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The aim of this study was to describe the epidemiology of Ebstein’s anomaly in Europe and its association with maternal health and medication exposure during pregnancy.
We carried out a descriptive epidemiological analysis of population-based data.
We included data from 15 European Surveillance of Congenital Anomalies Congenital Anomaly Registries in 12 European countries, with a population of 5.6 million births during 1982–2011.
Cases included live births, fetal deaths from 20 weeks gestation, and terminations of pregnancy for fetal anomaly.
Main outcome measures
We estimated total prevalence per 10,000 births. Odds ratios for exposure to maternal illnesses/medications in the first trimester of pregnancy were calculated by comparing Ebstein’s anomaly cases with cardiac and non-cardiac malformed controls, excluding cases with genetic syndromes and adjusting for time period and country.
In total, 264 Ebstein’s anomaly cases were recorded; 81% were live births, 2% of which were diagnosed after the 1st year of life; 54% of cases with Ebstein’s anomaly or a co-existing congenital anomaly were prenatally diagnosed. Total prevalence rose over time from 0.29 (95% confidence interval (CI) 0.20–0.41) to 0.48 (95% CI 0.40–0.57) (p<0.01). In all, nine cases were exposed to maternal mental health conditions/medications (adjusted odds ratio (adjOR) 2.64, 95% CI 1.33–5.21) compared with cardiac controls. Cases were more likely to be exposed to maternal β-thalassemia (adjOR 10.5, 95% CI 3.13–35.3, n=3) and haemorrhage in early pregnancy (adjOR 1.77, 95% CI 0.93–3.38, n=11) compared with cardiac controls.
The increasing prevalence of Ebstein’s anomaly may be related to better and earlier diagnosis. Our data suggest that Ebstein’s anomaly is associated with maternal mental health problems generally rather than lithium or benzodiazepines specifically; therefore, changing or stopping medications may not be preventative. We found new associations requiring confirmation.
We aimed to assess cancer risk in congenital heart defect patients, with and without Down's syndrome, compared with the general population.
We identified all patients born and diagnosed with congenital heart defects from 1977 to 2008 using the Danish National Registry of Patients, covering all Danish hospitals. We compared cancer incidence in the congenital heart defect cohort with that expected in the general population (∼5.5 million) using the Danish Cancer Registry, and computed age- and gender-standardised incidence ratios.
We identified 15,905 congenital heart defect patients, contributing a total of 151,172 person-years at risk; the maximum length of follow-up was 31 years (median 8 years). In all, 53 patients were diagnosed with cancer, including 30 female and 23 male patients (standardised incidence ratio = 1.63; 95% confidence interval: 1.22–2.13). Risks were increased for leukaemia, brain tumours, and basal cell carcinoma. After excluding 801 patients with Down's syndrome, the standardised incidence ratio was 1.19 (95% confidence interval: 0.84–1.64). In the subgroup of 5660 non-Down's syndrome patients undergoing cardiac surgery or catheter-based interventions, the standardised incidence ratio was 1.45 (95% confidence interval: 0.86–2.29).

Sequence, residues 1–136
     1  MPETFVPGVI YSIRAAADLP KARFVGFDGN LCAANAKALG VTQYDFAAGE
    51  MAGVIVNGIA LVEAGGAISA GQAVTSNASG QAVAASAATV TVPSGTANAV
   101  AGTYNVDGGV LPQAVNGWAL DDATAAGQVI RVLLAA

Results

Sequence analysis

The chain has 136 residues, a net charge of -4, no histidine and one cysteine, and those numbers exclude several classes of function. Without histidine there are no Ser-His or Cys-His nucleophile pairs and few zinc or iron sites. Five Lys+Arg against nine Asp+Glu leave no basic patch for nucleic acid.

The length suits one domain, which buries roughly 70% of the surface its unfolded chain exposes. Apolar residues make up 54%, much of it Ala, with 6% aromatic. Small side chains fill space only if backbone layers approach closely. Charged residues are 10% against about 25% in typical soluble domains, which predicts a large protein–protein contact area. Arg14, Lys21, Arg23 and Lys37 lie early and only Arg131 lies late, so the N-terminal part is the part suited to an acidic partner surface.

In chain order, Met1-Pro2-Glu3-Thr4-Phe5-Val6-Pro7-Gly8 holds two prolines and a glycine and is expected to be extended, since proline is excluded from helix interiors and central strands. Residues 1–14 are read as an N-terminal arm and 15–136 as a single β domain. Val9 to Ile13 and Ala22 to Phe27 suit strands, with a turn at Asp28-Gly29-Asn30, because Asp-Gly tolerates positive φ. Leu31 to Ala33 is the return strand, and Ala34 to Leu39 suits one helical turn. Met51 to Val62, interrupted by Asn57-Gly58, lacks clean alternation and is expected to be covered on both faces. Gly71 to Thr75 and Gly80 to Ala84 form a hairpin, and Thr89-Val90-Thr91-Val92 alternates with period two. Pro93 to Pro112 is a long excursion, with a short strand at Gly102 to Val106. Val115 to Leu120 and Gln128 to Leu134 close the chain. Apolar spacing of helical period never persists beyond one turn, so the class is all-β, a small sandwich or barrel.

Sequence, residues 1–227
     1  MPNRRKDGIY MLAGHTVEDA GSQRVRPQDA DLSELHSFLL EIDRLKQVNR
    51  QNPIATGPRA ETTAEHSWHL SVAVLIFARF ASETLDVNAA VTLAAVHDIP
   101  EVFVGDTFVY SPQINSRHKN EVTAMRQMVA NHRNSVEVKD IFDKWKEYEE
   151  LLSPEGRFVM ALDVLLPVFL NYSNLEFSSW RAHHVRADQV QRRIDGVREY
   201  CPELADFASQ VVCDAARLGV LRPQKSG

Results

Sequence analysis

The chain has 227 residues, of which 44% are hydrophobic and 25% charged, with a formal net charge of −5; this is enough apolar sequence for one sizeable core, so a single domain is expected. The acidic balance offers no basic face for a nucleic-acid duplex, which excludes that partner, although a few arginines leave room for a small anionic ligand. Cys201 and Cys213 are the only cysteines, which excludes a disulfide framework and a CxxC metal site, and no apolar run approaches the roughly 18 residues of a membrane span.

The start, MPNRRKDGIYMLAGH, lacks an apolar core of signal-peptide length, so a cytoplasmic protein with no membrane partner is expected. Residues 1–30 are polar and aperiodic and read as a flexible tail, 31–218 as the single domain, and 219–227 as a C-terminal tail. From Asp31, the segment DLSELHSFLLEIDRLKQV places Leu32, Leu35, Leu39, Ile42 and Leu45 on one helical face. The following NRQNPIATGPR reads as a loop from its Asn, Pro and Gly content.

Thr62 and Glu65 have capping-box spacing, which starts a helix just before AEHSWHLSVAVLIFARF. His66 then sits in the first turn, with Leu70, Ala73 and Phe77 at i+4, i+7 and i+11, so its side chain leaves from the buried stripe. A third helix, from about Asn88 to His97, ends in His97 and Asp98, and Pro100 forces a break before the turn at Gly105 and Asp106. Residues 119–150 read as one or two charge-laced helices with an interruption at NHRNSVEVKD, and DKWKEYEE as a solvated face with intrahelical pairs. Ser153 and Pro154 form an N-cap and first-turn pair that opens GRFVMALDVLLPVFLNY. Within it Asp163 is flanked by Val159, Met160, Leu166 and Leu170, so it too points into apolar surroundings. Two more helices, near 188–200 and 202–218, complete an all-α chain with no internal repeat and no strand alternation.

The overall risk of cancer among congenital heart defect patients without Down's syndrome was not statistically significantly elevated. Cancer risk in the congenital heart defect cohort as a whole, including patients with Down's syndrome, was increased compared with the general population, although the absolute risk was low. Studies with longer follow-up and more information on radiation doses are needed to further examine a potential cancer risk associated with diagnostic radiation exposure.
To describe the epidemiology of chromosomal and non-chromosomal cases of atrioventricular septal defects in Europe.
Data were obtained from EUROCAT, a European network of population-based registries collecting data on congenital anomalies. Data from 13 registries for the period 2000–2008 were included.
There was a total of 993 cases of atrioventricular septal defects, with a total prevalence of 5.3 per 10,000 births (95% confidence interval 4.1 to 6.5). Of the total cases, 250 were isolated cardiac lesions, 583 were chromosomal cases, 79 had multiple anomalies, 58 had heterotaxia sequence, and 23 had a monogenic syndrome. The total prevalence of chromosomal cases was 3.1 per 10,000 (95% confidence interval 1.9 to 4.3), with a large variation between registers. Of the 993 cases, 639 cases were live births, 45 were stillbirths, and 309 were terminations of pregnancy owing to foetal anomaly. Among the groups, additional associated cardiac anomalies were most frequent in heterotaxia cases (38%) and least frequent in chromosomal cases (8%). Coarctation of the aorta was the most common associated cardiac defect. The 1-week survival rate for live births was 94%.
Of all cases, three-quarters were associated with other anomalies, both chromosomal and non-chromosomal. For infants with atrioventricular septal defects and no chromosomal anomalies, cardiac defects were often more complex compared with infants with atrioventricular septal defects and a chromosomal anomaly. Clinical outcomes for atrioventricular septal defects varied between regions. The proportion of termination of pregnancy for foetal anomaly was higher for cases with multiple anomalies, chromosomal anomalies, and heterotaxia sequence.
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